Taipei’s two leading mayoral candidates yesterday urged the public to come out and vote despite forecasts of low temperatures on Election Day this Saturday.
Taipei Mayor Hau Lung-bin (郝龍斌), who is running for re-election, said he expected cold weather would keep people at home, especially pan-blue supporters.
“I urge our supporters to come out and vote no matter what,” he said. “Your ballots will decide the political atmosphere in the future as well as Taipei City’s direction, cross-strait developments and the nation’s status.”
At a separate setting, Democratic Progressive Party (DPP) Taipei mayoral candidate Su Tseng-chang (蘇貞昌) also said that weather could play a role in Saturday’s turnout, and added that he hoped voters would have the passion to take action and vote.
Su, who has launched a drive to solicit 1,000 volunteers to each make 10 telephone calls to solicit votes, said that many might think Taipei has more pan-blue supporters than pan-green. However, he said as he was looking at the eyes of the people he shook hands with when he was canvassing for votes, he realized that people did not want to be categorized into any political camp or be bargaining chips for any political party.
“They want to be their own master,” Su said while visiting a market in Zhongshan District yesterday morning. “If they all come out and vote, they can help narrow the gap between the candidates and give us a chance to serve them. So, every ballot counts and the ballot in your hand spells your future for the next four years.”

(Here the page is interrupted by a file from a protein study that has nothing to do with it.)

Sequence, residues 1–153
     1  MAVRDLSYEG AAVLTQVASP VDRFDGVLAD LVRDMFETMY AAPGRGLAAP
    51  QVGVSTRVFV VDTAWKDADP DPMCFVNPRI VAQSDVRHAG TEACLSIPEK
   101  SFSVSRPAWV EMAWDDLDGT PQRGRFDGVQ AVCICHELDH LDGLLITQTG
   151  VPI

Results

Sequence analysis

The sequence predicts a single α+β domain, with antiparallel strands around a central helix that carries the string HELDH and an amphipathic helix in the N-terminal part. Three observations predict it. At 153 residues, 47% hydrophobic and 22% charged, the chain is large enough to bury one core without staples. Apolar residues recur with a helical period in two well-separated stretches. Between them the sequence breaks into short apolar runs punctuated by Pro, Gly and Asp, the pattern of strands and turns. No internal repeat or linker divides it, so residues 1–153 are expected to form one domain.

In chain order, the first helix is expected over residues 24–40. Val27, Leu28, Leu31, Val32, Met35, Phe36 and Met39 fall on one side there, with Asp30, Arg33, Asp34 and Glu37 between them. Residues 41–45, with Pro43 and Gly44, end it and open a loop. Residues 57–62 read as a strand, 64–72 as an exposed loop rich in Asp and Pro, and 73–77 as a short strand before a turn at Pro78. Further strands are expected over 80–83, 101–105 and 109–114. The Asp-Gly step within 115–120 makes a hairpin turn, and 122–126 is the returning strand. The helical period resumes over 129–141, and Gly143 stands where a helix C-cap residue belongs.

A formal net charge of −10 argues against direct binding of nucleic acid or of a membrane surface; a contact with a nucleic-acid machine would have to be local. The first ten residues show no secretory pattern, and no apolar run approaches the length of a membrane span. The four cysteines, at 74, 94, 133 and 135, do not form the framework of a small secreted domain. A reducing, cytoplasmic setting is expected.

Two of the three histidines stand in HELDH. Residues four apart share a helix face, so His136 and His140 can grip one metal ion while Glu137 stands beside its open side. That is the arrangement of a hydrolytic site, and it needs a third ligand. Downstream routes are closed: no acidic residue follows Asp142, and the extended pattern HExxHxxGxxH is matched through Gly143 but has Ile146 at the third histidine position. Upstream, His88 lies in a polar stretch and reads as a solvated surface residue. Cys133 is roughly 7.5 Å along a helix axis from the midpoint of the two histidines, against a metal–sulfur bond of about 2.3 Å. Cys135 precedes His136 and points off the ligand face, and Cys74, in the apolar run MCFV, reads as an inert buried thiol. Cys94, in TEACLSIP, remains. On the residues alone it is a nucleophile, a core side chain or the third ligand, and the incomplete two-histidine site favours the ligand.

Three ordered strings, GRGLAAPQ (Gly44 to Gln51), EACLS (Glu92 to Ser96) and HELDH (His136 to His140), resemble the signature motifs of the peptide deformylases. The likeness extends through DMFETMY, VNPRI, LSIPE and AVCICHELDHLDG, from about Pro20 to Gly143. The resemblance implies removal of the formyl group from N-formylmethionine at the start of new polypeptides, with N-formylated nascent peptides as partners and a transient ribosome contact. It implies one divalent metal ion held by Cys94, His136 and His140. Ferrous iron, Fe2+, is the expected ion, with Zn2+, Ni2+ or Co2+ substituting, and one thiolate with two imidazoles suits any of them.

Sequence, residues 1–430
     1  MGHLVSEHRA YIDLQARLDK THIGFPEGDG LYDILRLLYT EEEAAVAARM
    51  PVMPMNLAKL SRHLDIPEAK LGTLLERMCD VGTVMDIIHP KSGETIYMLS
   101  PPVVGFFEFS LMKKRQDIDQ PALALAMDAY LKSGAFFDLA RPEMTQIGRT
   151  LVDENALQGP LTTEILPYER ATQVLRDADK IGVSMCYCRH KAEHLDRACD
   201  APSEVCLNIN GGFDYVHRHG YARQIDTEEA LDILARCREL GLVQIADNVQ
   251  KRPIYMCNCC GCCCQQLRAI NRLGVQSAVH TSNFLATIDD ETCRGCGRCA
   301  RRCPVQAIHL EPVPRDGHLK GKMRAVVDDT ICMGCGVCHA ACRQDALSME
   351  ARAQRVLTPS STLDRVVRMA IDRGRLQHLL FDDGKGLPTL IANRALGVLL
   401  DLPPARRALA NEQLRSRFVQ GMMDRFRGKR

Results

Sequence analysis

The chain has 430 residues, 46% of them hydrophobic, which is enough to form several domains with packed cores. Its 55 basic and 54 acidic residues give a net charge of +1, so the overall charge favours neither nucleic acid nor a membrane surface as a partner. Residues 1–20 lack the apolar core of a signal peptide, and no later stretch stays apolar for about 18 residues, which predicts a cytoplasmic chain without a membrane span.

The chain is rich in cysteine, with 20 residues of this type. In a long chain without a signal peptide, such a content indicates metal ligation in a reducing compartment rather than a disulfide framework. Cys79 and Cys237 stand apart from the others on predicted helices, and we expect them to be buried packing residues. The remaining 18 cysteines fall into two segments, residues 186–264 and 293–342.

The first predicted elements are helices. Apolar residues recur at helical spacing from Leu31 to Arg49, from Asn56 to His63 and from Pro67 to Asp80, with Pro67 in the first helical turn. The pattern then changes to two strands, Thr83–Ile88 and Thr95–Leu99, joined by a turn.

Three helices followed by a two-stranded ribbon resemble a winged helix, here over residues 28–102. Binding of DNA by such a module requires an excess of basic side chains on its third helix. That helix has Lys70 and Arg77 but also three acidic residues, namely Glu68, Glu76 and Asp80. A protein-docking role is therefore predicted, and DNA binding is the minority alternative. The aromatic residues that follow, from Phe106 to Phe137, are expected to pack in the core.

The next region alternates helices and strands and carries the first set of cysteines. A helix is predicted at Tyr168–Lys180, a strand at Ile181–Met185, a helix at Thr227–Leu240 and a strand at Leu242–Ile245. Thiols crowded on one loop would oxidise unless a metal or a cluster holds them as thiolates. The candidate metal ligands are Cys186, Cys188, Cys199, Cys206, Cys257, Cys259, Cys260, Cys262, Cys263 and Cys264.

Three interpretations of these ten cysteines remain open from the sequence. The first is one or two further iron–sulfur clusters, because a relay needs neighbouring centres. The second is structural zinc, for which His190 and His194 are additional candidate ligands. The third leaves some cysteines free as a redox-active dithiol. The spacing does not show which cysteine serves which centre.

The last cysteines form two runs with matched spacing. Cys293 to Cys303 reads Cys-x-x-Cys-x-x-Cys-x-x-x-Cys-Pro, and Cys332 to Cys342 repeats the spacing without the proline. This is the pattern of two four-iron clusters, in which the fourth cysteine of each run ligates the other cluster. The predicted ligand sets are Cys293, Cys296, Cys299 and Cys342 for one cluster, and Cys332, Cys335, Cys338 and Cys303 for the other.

Su said Taipei residents should use their ballots to tell the government whether they are satisfied with its performance over the past four years.
After talking to so many people and visiting so many areas, Su said he discovered that the city had not improved over the past four years and that residents had many complaints.
“I don’t have any burdens and I am good at solving problems, so why don’t you turn your anger into power and give me a chance to help you solve your problems?” Su asked.
Meanwhile, Hau’s spokespeople accused Su of not taking action when Taiwanese athletes were treated unfairly at international competitions when he was premier.
They were responding to accusations that the KMT government had failed to act in the controversial disqualification of taekwondo athlete Yang Shu-chun (楊淑君) at the Asian Games last week.
KMT Legislator Pan Wei-kang (潘維剛) said the DPP did not care about the rights and interests of athletes or make any effort to protect Taiwan’s dignity when it was in power.
KMT Legislator Alex Fai (費鴻泰) urged the DPP to propose better alternatives if it thought the administration had handled the matter badly.
KMT Legislator Hung Hsiu-chu (洪秀柱) said the DPP was a jealous opposition that criticizes anything it sees the KMT do right, adding that when the DPP sees the KMT make a mistake, it adds more blows to bring it down.
“Is dooming Taiwan and this country really what the DPP wants?” she asked.
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